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Fed keeps interest rates steady – for now


WASHINGTON – Jan. 28, 2016 – The Federal Reserve kept interest rates unchanged Wednesday and said it's closely monitoring global economic and market turmoil but kept the door open to a March hike, citing "strong job gains."

An increase was not expected Wednesday after the Fed lifted its benchmark rate last month for the first time in nearly a decade – by a modest quarter-percentage point to 0.4% – and said it intends to nudge up the rate slowly amid tepid economic growth.

Some analysts expected the Fed to hint that even a March move had become less likely after this month's troubling news about China's slowdown, sharp fall in stock and oil prices, and concerns that the 6 1/2-year-old U.S. recovery may be losing steam. Also, cheap crude and a rallying dollar have further pushed down meager inflation.

The Fed's post-meeting statement said it's "closely monitoring global economic and financial developments and is assessing their implications for the labor market and inflation, and for the balance of the risks to the outlook." That suggests the Fed is taking a wait-and-see approach to the recent troubles but isn't yet backtracking from plans to gradually boost interest rates, which raises borrowing costs for consumers and businesses and is aimed at heading off a spike in inflation. Last month, the Fed had a more upbeat view, saying the risks to its economic and labor market outlook were "balanced."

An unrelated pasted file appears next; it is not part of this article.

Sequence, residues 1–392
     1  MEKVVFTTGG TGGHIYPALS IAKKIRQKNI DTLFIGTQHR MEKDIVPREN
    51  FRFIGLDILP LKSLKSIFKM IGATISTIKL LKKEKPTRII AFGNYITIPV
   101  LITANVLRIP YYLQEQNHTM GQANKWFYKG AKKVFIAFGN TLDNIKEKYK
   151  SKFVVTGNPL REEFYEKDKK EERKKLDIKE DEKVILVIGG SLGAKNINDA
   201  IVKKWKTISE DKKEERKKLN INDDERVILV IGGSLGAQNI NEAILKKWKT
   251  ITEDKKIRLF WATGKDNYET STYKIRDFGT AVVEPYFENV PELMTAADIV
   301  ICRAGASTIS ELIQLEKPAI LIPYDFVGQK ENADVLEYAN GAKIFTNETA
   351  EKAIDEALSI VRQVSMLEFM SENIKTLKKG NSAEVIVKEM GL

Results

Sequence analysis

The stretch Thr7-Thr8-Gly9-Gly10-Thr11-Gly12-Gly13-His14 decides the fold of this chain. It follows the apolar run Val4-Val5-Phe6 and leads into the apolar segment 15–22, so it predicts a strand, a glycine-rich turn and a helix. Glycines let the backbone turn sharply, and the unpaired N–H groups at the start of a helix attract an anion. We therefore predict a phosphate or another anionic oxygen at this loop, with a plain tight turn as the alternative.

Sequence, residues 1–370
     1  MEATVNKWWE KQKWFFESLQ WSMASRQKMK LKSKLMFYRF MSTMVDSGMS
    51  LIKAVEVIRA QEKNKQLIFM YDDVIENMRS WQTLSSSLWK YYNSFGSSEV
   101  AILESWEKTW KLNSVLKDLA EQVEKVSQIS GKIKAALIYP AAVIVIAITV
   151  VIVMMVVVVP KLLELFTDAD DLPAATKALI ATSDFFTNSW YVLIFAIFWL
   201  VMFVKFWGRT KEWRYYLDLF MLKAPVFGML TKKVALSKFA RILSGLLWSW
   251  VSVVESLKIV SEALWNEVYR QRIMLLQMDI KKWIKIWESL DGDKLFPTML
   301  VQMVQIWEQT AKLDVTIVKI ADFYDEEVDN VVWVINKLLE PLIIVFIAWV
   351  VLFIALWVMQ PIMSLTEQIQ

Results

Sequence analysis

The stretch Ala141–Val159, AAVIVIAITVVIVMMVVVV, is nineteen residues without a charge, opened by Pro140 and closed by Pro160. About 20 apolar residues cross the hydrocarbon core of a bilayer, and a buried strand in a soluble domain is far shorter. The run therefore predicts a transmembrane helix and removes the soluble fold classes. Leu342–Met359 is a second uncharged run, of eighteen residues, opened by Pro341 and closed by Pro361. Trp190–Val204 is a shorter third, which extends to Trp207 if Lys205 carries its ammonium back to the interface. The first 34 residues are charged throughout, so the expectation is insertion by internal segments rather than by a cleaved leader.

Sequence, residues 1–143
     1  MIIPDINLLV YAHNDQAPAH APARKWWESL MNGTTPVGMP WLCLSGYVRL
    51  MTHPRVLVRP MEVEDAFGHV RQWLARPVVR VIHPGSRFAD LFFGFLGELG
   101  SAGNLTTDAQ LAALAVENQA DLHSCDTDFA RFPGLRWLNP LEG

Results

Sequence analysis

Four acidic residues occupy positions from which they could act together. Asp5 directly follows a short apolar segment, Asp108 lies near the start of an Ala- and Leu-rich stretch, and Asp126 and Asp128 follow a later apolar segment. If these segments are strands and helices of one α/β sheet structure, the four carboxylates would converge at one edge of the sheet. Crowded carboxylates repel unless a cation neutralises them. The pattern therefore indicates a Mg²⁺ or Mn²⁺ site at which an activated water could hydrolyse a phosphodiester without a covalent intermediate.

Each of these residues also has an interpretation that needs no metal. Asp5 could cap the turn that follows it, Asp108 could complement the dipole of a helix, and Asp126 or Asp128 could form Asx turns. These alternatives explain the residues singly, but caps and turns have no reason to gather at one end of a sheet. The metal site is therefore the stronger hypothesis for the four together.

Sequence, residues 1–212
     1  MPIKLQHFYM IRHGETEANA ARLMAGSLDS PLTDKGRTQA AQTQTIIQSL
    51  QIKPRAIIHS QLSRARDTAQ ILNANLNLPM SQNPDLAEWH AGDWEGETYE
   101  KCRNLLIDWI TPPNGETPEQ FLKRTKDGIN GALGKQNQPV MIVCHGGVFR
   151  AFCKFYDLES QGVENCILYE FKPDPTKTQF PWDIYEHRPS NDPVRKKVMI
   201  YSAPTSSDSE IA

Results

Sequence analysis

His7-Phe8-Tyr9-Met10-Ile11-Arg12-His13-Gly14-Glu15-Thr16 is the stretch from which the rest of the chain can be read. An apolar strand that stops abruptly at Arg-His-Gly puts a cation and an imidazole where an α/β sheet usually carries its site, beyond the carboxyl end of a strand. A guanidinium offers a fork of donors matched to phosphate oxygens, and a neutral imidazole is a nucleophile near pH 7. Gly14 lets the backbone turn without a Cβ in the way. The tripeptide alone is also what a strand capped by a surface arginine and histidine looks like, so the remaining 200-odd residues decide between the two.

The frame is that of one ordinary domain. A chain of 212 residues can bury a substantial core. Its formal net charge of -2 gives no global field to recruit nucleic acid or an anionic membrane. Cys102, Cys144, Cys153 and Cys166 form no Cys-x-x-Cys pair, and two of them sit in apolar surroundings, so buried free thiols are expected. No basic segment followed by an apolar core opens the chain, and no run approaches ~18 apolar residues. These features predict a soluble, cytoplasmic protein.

Some economists expected the Fed to more clearly indicate that just two quarter-point rate increases were likely this year instead of the four it signaled last month. News that the Fed hasn't ruled out a March hike sent stocks tumbling Wednesday.

While the Fed tempered its appraisal of consumer and business spending and the broader economy, it highlighted a labor market that has churned out "strong job gains" of well more than 200,000 a month. Analysts expect a report Friday to show the economy weakened in the fourth quarter.

Some say the global and market strains could well force the Fed to rule out a March hike but it's too soon to throw in the towel.

Copyright © 2016,, USA TODAY, Paul Davidson  

Related Topics: Interest rates